An atypical NixOS install

Posted on November 13, 2016

I am using an old hand-me-down IBM ThinkPad X30 as a low powered server. It has served me well for many years running Debian, but recently I wanted to install NixOS since I’ve already switched over my other computers. This is easier said than done since the X30

  1. does not have an optical drive,
  2. absolutely refuses to boot from USB, and
  3. has only 512 MiB memory (the maximum is 1 GiB but I don’t want to buy more).

I attempted to use the netboot method of installing NixOS but did not succeed very well. The issue appears to be that the initrd created by that method is too large for this low-memory machine. A similar fate happened when I tried to do a network boot directly of the installation ISO.

The method I came up with in the end did succeed quite well. It is not entirely intuitive, but in essence the idea is very simple: Write the install ISO image to a USB drive, then use iPXE to do a network boot of the same ISO file that is on the USB drive. This means that when the NixOS stage 1 boot process attempts to mount the root partition it will succeed since the USB drive you so sneakily created has the expected root device label. The boot will then continue from the USB and you can continue as per the installation instructions.


For this little scheme to work you will need

  1. a NixOS installation ISO image,
  2. an empty USB stick that is large enough to hold the ISO image,
  3. the undionly.kpxe file from iPXE,
  4. a DHCP server supporting TFTP and PXE,
  5. a web server.

First, we will download the ISO and put in on a USB stick. This can be done using the dd tool using, for example, the command

# dd bs=4M if=nixos-minimal-16.09-i686-linux.iso of=/dev/sdX

where X is replaced to indicate your USB drive. Be very careful not to overwrite some other disk! The USB drive should after this step have a partition labeled “NIXOS_ISO” and you can, for example, see that /dev/disk/by-label/NIXOS_ISO exists.

Second, create a directory that can be served over TFTP, I will use /srv/tftp here. Place the undionly.kpxe file in this directory:

# mkdir /srv/tftp
# wget --output-file=/srv/tftp/undionly.kpxe \

It is then necessary to tell the DHCP server to use this directory for TFTP and also set up the special chaining that iPXE needs. I already use dnsmasq as the DHCP server for my small home network and luckily it supports both TFTP and PXE. The example here is therefore for dnsmasq. I followed the instructions of a nice blog post and I ended up adding something like the following to my dnsmasq configuration:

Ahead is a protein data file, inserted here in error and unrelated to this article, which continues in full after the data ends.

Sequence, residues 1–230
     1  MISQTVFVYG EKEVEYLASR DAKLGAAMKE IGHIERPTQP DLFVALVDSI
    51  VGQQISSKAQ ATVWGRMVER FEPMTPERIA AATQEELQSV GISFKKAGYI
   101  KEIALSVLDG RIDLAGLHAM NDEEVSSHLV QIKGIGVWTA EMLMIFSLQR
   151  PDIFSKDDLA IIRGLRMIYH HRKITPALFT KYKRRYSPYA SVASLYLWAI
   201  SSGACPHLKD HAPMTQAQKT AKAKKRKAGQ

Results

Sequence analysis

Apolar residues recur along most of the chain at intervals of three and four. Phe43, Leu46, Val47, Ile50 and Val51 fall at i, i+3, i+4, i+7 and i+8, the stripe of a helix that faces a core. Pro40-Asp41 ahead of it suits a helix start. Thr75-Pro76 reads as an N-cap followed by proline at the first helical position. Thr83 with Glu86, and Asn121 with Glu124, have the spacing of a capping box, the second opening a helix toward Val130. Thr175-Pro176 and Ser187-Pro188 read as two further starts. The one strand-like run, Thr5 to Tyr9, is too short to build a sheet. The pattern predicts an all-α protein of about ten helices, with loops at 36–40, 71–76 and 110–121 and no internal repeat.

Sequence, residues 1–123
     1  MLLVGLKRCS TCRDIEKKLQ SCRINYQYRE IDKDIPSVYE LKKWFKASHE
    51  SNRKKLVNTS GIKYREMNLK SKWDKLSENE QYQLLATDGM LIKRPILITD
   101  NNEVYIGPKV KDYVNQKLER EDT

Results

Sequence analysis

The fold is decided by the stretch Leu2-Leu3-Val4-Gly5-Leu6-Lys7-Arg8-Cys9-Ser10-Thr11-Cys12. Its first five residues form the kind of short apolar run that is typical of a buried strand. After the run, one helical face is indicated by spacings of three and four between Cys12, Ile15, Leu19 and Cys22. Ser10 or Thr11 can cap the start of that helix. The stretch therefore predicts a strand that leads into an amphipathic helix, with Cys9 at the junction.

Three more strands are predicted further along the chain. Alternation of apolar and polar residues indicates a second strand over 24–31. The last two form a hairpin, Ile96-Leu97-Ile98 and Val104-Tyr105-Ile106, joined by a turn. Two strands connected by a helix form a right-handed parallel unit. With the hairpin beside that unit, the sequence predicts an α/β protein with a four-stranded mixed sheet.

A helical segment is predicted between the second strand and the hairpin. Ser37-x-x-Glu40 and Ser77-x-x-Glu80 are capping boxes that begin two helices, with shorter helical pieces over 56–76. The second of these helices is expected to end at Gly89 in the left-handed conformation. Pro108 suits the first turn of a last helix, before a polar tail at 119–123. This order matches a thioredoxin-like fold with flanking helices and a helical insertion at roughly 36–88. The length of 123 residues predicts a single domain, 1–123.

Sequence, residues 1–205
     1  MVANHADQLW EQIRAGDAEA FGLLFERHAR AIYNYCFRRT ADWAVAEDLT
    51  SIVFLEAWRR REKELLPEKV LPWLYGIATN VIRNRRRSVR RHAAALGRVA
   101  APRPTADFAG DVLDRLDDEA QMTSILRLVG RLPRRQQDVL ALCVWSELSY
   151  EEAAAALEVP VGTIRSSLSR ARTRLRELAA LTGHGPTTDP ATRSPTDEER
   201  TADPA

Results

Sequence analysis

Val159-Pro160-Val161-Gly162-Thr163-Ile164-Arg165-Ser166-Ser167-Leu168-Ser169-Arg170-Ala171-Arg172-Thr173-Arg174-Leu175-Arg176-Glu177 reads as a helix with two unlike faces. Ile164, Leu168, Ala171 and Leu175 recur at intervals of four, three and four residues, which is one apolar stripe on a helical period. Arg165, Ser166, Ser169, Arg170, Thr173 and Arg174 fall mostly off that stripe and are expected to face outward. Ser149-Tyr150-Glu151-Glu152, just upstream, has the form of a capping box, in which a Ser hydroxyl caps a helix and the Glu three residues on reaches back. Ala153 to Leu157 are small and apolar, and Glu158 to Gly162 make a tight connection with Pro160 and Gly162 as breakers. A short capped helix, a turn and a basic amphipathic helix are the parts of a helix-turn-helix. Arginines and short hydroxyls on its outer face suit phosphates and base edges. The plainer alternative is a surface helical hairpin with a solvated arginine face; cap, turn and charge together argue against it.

Third, create a directory that can be served over HTTP. I will use /srv/www here. It should contain the installation ISO file and also an ipxe file which instructs iPXE to load the ISO file. So I have a directory as follows

# ls /srv/www
boot.ipxe  nixos-minimal-16.09-i686-linux.iso

where boot.ipxe contains simply

$ cat boot.ipxe


and the ISO file is exactly the same file as the one we put on the USB stick earlier.

Of course you will have to change the URL above to one that suits your setup. If you are only wanting to do a single install then a lightweight way to host these files is using the simple web server darkhttpd, but of course any web server works.

Booting and starting NixOS install

With all this setup it is finally possible to boot up the computer. Make sure the USB stick with the ISO is inserted in the computer and power up! To enable network boot on the X30 you must hold down the F12 key to get a boot device menu. In that menu chose the entry starting with “IBA”; in my case it is “IBA 4.1.07 Slot 0140”.

That should be enough, now the computer should start downloading the ISO and initiate the boot process.

If you get timeout error during boot about /dev/root not being available then it may be because the USB drive was not detected. Make sure the USB drive really has a partition labeled NIXOS_ISO.


So that’s it. I’m now happily running NixOS on my ThinkPad X30! So if you are having a computer with little RAM and no way to boot from physical media then this may be a way to still get NixOS on there.